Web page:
Electrolytes are naturally occurring chemicals and elements in the body that change into their ionic form and can conduct electricity. A balance of the electrolytes is important for the normal function of cells and organs, as well as for the maintenance of the relatively stable pH environment and to control the fluid in intra and extracellular environments. There are many types of electrolytes, but the most common ones that are measured via blood tests are sodium, chloride, potassium, and bicarbonate.
Electrolytes are found nearly everywhere in the body; in the blood, urine, other fluid around cells and bodily fluids. It is also abundantly found in food, drinks and other supplements like vitamins. The kidneys are the most important organs when it comes to maintaining the electrolyte levels. The kidneys are responsible for removing excess electrolytes and water from the body in the urine.
Electrolyte imbalances or disorders are common and can cause bodily dysfunction. When there isn’t proper management of electrolytes, life-threatening complications like coma, cardiac arrest and seizures can occur. These are serious conditions, and therefore it is important to main right levels of electrolytes.
Because there are so many different types of electrolytes and different diseases affect specific ones more than others, it is worthwhile to have a broad overview of the type of symptoms one can expect when an electrolyte level is not right. Common symptoms that one may experience include:
- Irregular or fast heartbeat
- Fatigue and lethargy
- Convulsions or seizures
- Nausea and vomiting
- Abdominal cramping
- Muscle weakness and cramping
Typically, mild electrolyte disorders do not cause symptoms and are only detectable via blood tests. These disorders can go undetected until they become more serious and potentially life-threatening. There are many different causes for electrolyte disturbances, but the most common is due to loss of bodily fluids, for example, profuse vomiting, sweating or diarrhea.
Because the kidneys are primarily responsible for the balancing and maintenance of the electrolyte environment in the body, kidney disease results in electrolyte abnormalities. Kidney disease is a progressive loss of the function and destruction of the kidneys. It is important to understand kidney disease and how it is implicated in electrolyte disturbances because it is common and potentially lethal. Approximately 30 million people in the United States are affected by chronic kidney disease (CKD), and many millions more are at risk of developing kidney diseases.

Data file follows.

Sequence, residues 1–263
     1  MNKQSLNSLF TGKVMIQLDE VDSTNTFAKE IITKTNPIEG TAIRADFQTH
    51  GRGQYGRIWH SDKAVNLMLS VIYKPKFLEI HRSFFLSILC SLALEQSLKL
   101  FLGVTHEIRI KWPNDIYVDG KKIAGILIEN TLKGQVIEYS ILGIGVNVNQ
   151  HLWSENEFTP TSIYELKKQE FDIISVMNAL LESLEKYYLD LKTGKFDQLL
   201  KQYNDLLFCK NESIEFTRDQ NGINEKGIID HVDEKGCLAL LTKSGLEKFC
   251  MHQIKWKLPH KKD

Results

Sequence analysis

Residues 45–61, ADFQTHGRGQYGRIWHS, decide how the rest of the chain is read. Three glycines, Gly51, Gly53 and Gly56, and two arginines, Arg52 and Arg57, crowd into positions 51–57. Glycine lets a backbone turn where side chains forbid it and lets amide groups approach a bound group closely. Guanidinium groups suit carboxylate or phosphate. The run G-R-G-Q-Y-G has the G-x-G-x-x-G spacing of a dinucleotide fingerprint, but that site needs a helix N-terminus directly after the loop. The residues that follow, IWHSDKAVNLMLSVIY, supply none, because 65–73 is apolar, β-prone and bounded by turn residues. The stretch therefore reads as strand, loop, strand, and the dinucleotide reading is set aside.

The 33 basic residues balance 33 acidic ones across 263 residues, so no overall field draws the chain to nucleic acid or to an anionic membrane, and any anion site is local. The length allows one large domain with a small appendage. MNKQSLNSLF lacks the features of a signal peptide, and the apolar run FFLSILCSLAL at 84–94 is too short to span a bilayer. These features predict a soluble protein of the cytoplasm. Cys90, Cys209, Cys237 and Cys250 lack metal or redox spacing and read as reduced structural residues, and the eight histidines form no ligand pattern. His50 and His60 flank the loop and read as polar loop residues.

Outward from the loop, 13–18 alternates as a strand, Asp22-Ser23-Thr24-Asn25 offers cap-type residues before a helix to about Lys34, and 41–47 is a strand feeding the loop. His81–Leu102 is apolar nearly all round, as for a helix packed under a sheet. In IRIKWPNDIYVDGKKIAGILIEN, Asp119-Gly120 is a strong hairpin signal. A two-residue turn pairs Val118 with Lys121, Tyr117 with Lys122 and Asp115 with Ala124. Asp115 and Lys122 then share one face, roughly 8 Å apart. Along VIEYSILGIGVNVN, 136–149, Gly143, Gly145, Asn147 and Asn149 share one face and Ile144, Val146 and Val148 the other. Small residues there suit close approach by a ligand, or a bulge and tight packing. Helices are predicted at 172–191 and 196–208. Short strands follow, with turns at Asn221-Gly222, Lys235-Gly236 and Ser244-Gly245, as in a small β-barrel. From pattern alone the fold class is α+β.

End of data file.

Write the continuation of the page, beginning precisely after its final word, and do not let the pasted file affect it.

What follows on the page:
Common diseases that cause CKD are high blood pressure and diabetes, two widespread diseases in the USA. Therefore, understanding the vast implications that are caused by having CKD is important. CKD can lead to toxicity from inability to filter waste products, electrolyte disturbances, anemia, and acidosis.
The kidneys are directly responsible for monitoring the filtration of electrolytes such as potassium, calcium, and sodium. In CKD, the potassium levels may be high, and the bicarbonate levels may be low. The result of this is that there is an acid-base imbalance and the patient can develop acidosis. This is when the pH in the blood drops below the normal level.
Testing for electrolyte abnormalities requires a simple blood test. Levels of electrolytes are routinely measured in patients who go for medical check-up or are in hospital for unrelated illness. If the common symptoms for electrolytes imbalance are experienced by a person, a simple blood test can help in early diagnosis. When detected, electrolyte abnormalities need to be corrected by administering fluids and other medication which can balance the levels of electrolytes in the blood.